In this May 27, 2010 photo, a patient is transferred to Hope Children's Hospital from Advocate Trinity Hospital's emergency room in Chicago. Emergency rooms, the only choice for patients who can't find care elsewhere, may grow even more crowded and wait times even longer under the nation's new health law. By later this decade, 32 million more Americans will have health insurance. A shortage of primary care doctors will mean many of those newly insured patients will visit ERs for both real emergencies and problems that could be handled more cheaply in doctor's offices. (AP Photo/Kiichiro Sato)

A
cid attacks are a particularly disturbing type of violence in which an attacker throws corrosive liquid onto a victim. And they’re on the rise in London in recent years — so much so that medical professionals are now issuing guidance for how bystanders can intervene to limit victims’ suffering.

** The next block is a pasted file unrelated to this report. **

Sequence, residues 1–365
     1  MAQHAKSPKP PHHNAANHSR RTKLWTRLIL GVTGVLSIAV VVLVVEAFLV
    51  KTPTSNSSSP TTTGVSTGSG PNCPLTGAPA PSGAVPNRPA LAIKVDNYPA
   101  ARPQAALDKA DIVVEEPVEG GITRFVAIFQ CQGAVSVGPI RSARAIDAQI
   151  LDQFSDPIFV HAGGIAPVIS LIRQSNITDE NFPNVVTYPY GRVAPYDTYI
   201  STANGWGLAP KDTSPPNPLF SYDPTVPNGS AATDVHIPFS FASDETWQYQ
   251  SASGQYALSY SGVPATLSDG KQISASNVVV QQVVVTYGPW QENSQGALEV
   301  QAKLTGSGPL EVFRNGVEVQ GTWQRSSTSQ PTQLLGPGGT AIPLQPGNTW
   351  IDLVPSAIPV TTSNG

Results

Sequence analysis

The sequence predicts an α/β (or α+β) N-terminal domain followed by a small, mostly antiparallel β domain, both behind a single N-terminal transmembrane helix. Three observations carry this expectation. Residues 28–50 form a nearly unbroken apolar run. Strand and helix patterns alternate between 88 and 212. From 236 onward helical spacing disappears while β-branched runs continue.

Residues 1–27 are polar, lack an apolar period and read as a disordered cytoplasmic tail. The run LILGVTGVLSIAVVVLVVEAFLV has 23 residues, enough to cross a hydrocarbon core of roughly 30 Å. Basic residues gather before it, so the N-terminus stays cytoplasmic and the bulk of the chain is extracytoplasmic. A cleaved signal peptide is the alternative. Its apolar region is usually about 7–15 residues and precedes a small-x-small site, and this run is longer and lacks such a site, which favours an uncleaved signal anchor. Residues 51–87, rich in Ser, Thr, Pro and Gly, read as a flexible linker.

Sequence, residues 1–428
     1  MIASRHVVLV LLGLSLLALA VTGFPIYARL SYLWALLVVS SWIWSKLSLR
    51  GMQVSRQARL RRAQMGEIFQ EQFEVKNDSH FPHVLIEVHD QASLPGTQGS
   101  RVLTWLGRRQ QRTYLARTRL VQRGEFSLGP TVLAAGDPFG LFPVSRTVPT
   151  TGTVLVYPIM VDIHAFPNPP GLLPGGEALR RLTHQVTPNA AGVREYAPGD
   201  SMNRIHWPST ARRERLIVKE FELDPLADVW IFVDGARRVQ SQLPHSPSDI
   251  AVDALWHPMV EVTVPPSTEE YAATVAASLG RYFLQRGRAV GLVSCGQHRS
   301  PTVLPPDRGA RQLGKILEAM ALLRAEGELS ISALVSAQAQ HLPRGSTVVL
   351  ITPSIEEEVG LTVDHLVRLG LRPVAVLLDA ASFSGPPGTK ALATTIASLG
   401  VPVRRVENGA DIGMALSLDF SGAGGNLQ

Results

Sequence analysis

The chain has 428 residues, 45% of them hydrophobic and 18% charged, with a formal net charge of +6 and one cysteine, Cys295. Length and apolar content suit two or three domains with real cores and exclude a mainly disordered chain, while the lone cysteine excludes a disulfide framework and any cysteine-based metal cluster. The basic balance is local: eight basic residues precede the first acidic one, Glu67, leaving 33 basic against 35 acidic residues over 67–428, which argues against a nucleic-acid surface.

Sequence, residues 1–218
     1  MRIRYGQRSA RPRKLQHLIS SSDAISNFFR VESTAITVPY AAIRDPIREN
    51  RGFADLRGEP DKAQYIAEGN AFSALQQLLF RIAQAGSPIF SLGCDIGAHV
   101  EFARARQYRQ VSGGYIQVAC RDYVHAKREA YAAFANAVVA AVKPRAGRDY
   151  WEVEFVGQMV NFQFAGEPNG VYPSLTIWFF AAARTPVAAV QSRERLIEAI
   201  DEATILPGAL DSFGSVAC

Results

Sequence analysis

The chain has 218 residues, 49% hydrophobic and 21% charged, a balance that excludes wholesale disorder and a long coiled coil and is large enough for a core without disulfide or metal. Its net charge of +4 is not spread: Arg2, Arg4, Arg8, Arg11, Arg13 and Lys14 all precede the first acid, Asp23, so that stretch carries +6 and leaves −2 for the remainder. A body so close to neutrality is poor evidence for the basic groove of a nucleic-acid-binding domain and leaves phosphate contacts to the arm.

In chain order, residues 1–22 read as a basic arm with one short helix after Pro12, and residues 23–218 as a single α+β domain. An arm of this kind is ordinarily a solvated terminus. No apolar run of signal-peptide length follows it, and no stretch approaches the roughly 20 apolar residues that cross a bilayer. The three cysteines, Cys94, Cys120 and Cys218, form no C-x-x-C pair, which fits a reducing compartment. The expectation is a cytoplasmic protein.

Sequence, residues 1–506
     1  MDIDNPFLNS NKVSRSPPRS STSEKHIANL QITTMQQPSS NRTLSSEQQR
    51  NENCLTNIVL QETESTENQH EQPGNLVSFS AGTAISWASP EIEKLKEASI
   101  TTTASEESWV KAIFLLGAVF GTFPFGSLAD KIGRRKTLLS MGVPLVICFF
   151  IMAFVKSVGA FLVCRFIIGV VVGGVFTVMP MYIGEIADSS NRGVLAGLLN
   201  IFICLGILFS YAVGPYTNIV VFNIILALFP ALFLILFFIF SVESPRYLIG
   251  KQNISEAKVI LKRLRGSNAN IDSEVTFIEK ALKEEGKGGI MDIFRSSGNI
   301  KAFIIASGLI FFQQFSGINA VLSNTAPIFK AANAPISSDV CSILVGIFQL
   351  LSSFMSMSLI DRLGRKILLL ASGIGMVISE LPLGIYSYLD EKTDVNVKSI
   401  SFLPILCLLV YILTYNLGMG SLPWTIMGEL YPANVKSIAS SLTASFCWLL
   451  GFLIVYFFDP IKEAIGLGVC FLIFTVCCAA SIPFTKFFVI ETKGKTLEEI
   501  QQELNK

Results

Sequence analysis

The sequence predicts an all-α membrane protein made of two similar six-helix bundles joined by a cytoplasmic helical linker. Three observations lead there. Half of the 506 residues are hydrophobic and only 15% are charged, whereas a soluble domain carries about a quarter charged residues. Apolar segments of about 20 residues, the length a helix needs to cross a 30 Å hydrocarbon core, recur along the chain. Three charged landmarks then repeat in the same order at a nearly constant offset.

That guidance, published Wednesday in the BMJ, reflects medial professionals’ increasing alarm over the attacks.
According to the Metropolitan Police in London, there were 261 acid attacks in 2015 and 454 in 2016, and the number is on pace to be even higher in 2017.
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According to Dr. Johann Grundlingh, a consultant in emergency medicine at Barts Health NHS Trust in London who co-authored the editorial, acid is an appealing alternative to guns and knives for gang violence because it is an unrestricted substance: It is easy to get, and can be carried legally in large quantities without a license.
“[Gangs] have picked up on the …
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